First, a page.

Case definitions will allow an objective categorisation of individuals based on their disease status, which facilitates a camparison of  disease occurrence between populations, in different location and at different times.

A typical case definition includes:

  • clinical criteria and laboratory findings to characterise the disease,
  • a clear time period within which we count cases,
  • a precise identification (personal characteristics) of the population from which we count cases and its location.

Therefore: the disease, the time, the place and the person.

For example the case definition used in a school outbreak of Measles was: "A case patient was a child of School A, aged 5 to 15 years, with an illness characterised by a generalised rash lasting greater than or equal to 3 days AND a temperature greater than or equal to 38.3°C AND one of cough, coryza, or conjunctivitis; with onset of symptoms between 15 February and 28 March 28 2001."

The following table is a line listing of signs and symptoms of 11 children during the epidemic. It illustrates application of case definition criteria to count cases.

Child ID number

Age in years

Rash duration

Temperature in ° celsius

Cough

Coryza

Conjunctivitis

Onset date

Case

1

5

2

38.0

Yes

No

No

15/02

NO

2

12

0

39.0

Yes

Yes

No

17/02

NO

3

16

4

38.5

Yes

Yes

Yes

17/02

NO

4

14

5

38.7

Yes

No

Yes

18/02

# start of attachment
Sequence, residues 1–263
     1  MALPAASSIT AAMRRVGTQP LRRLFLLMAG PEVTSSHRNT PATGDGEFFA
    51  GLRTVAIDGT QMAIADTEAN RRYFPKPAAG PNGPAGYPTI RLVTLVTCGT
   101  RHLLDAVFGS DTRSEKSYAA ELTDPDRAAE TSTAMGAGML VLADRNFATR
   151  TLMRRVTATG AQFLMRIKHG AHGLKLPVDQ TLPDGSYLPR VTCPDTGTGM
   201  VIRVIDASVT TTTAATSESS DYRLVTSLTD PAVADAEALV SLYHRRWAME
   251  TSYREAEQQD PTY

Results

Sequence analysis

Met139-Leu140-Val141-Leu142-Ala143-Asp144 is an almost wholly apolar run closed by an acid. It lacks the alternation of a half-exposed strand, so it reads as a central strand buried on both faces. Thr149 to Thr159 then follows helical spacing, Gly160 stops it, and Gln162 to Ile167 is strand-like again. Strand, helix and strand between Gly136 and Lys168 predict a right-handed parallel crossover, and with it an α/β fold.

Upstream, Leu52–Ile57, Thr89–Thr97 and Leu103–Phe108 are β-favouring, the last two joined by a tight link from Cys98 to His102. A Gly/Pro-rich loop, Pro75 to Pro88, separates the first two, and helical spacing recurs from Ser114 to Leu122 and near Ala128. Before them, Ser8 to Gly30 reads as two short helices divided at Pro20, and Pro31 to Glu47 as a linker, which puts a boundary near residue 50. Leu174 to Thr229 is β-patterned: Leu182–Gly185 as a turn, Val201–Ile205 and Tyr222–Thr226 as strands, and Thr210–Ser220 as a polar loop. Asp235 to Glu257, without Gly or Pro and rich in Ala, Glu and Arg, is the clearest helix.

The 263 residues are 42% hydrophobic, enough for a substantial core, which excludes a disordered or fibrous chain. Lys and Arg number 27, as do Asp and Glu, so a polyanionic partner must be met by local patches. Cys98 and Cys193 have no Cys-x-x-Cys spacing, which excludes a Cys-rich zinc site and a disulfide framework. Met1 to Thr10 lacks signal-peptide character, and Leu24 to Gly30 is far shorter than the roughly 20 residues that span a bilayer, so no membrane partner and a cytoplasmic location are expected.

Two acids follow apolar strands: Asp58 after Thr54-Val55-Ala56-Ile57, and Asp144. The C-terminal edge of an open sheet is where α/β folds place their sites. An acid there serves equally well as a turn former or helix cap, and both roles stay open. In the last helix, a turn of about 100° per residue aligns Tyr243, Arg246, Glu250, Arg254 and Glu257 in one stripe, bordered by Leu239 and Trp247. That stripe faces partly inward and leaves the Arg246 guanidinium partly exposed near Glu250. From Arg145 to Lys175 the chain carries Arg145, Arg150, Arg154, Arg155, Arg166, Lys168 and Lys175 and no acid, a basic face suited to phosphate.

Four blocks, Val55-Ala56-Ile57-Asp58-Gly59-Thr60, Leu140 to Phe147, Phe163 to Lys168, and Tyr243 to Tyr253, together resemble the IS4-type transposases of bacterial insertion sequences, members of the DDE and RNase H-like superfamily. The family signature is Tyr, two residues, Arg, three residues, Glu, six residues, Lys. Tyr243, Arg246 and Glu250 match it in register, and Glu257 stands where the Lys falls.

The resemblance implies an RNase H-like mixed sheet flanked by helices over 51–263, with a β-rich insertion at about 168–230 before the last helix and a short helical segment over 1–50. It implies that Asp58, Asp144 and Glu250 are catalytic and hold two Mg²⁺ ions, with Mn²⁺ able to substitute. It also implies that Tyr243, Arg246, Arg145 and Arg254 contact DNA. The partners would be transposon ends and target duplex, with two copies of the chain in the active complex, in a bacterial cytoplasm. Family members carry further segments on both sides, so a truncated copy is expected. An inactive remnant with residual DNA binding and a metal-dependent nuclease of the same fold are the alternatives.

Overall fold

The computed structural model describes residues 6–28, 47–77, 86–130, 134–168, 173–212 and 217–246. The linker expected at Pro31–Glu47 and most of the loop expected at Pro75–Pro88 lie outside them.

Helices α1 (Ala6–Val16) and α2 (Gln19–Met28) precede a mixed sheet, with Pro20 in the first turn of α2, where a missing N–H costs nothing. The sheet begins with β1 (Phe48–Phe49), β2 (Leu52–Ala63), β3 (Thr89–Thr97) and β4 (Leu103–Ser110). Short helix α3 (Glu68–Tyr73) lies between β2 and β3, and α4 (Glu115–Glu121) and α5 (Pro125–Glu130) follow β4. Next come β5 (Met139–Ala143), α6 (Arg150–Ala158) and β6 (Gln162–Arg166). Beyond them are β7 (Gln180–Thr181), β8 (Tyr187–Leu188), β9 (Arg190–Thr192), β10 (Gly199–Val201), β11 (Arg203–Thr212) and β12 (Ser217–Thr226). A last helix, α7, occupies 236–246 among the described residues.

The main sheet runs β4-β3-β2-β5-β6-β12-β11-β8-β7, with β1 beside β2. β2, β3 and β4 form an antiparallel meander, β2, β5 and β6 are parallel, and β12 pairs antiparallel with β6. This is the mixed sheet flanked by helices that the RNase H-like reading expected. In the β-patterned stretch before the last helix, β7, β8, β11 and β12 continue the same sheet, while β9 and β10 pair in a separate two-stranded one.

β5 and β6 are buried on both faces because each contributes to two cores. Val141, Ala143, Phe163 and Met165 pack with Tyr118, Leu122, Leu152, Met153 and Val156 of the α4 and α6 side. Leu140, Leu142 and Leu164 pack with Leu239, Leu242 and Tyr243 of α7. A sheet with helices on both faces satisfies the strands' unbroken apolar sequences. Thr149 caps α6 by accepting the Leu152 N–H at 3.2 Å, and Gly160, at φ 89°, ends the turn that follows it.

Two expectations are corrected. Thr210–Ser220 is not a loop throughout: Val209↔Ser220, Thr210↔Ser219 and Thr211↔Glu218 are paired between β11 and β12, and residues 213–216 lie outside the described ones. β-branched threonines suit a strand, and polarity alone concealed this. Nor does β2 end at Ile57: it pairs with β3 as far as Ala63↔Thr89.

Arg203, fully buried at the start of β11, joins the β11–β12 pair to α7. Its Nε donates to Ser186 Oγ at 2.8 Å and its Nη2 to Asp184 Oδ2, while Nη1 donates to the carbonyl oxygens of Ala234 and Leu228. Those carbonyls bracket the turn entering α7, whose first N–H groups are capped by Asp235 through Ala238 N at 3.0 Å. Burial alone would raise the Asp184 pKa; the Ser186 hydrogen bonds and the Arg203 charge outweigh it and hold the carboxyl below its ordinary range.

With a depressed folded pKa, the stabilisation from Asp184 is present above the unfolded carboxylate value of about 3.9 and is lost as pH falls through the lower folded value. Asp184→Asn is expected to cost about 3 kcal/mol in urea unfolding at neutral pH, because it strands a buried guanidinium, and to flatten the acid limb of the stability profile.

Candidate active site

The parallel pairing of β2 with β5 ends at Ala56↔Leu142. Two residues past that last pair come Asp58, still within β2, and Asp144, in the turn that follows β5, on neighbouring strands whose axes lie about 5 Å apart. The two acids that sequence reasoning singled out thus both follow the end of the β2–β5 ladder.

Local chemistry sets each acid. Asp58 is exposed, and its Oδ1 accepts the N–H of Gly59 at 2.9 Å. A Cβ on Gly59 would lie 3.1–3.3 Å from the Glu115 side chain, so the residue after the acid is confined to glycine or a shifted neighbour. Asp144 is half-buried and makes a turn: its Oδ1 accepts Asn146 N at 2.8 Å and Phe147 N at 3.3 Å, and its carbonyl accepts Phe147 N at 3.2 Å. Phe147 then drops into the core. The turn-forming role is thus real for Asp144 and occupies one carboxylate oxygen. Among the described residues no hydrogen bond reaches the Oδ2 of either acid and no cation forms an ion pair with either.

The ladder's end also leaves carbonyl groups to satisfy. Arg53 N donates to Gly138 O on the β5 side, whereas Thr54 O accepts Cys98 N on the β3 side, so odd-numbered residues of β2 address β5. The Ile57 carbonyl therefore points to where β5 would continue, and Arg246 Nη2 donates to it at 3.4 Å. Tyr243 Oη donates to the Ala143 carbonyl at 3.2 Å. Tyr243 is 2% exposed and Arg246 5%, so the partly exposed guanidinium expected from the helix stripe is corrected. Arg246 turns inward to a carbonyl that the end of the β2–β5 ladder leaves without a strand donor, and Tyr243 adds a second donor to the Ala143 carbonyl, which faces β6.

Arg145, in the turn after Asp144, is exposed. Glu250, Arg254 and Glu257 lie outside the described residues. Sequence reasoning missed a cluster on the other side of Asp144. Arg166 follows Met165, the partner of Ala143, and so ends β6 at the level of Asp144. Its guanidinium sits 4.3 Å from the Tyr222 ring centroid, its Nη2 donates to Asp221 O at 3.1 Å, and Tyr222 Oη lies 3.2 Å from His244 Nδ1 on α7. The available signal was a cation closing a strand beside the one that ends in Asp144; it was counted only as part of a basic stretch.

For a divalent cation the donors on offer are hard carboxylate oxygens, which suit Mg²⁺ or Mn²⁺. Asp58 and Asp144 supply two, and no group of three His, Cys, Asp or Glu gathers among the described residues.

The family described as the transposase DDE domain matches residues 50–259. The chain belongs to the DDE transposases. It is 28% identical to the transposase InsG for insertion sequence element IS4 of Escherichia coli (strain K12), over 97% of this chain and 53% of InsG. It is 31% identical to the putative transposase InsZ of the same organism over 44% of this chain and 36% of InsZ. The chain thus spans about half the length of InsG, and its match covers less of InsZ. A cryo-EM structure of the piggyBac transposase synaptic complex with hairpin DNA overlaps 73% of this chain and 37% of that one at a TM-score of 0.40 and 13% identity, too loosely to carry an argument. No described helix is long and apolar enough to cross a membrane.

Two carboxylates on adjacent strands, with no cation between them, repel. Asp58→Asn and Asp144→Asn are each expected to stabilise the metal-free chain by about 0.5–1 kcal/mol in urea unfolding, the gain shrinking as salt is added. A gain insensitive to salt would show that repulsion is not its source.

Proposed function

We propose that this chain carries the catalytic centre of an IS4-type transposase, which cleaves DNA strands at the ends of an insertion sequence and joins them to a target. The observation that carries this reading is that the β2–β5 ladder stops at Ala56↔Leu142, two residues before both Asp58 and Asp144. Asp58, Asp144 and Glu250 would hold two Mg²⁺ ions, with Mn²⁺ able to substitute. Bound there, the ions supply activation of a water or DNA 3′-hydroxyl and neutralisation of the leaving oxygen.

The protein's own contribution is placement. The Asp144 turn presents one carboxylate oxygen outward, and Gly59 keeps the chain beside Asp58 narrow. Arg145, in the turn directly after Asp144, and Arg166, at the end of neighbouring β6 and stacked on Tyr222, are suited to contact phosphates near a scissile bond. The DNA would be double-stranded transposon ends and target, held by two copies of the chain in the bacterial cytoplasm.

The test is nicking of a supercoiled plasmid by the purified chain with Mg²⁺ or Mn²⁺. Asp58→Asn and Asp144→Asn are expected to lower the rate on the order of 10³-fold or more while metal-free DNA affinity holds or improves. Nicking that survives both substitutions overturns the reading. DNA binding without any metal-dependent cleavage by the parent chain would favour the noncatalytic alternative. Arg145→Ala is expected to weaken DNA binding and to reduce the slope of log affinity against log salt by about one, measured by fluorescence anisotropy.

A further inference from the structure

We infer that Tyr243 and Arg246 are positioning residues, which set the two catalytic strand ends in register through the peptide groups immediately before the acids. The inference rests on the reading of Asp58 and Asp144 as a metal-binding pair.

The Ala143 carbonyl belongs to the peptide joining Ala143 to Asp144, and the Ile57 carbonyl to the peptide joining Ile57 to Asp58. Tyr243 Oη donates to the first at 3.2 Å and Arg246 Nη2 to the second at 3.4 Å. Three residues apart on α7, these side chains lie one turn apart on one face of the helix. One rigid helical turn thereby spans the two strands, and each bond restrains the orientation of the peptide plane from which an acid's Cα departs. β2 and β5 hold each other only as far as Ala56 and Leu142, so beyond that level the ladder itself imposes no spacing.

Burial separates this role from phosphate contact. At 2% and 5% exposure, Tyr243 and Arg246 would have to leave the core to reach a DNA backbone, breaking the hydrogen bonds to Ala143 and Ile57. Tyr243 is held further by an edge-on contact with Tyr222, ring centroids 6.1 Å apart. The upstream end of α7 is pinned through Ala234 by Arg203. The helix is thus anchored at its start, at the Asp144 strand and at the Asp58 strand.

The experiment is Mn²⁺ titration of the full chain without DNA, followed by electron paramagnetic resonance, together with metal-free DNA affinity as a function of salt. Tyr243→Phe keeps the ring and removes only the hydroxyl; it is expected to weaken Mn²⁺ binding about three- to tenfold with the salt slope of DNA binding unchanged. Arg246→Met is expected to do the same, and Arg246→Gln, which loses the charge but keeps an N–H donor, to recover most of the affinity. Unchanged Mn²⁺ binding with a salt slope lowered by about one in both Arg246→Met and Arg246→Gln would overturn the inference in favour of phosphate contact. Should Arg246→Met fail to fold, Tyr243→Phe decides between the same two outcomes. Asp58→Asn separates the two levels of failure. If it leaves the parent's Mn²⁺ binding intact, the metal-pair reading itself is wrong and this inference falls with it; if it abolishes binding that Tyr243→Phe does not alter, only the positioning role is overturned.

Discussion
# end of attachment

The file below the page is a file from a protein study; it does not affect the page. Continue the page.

YES

5

8

3

39.2

No

Yes

Yes

19/02

YES

6

9

2

38.0

Yes

Yes

Yes

19/02

NO

7

4

0

38.5

Yes

No

No

20/02

NO

8

13

0

37.0

Yes

Yes

No

21/02

NO

9

10

5

38.5

Yes

Yes

Yes

29/02

NO

10

11

3

39.0

No

No

Yes

27/02

YES

11

3

3

38.2

Yes

Yes

Yes

26/02

NO

Etc.

 

 

 

 

 

 

 

 

The table also demonstrates the difference between 'case' and 'patient'. It is clear that there are many more 'patients' in this table: in fact all people have symptoms of some illness. However, for the particular case definition that we have chosen here, only 3 count as a case. This can sometimes lead to heated discussions with clinicians, who want to know why their patient is not included as a case in the study. Such question is valid. Consider child number 6 in the table. The only reason that this child is not a case, is because there is no temperature over 38.5; is that a good justification to exclude this child as a case? The answer is: 'it depends'. It depends on the purpose of your study: what is it that you want to achieve?
The epidemiologist always needs to be able to justify why a certain case definition is chosen and what is the rationale behind each of the criteria.

An important question that we have to keep asking ourselves is:

- How much relevant information do I lose if the case definition is more specific or more sensitive?

During the stage of an analytical study, we want the case definition to be as specific AND sensitive as possible, to avoid misclassification (case / non-case), since misclassification biases the study results towards the null-hypothesis. In that sense, take another look at the table above: is it really justified that patient nr 3 is not counted as a case? This patient does not have the right age (5-15 years), however has all other elements of the case definition. A solution may be, to allow various levels of certainty in a case definition (possible, probable, confirmed).

Depending on where we are in the investigation, we need to be willing to take the responsibility to modify the case definition, in order to minimise bias. Though this is the ultimate responsibility of the lead investigator, different experts in the outbreak team may have relevant contributions to the discussion: epidemiologist, microbiologist, clinician, etc.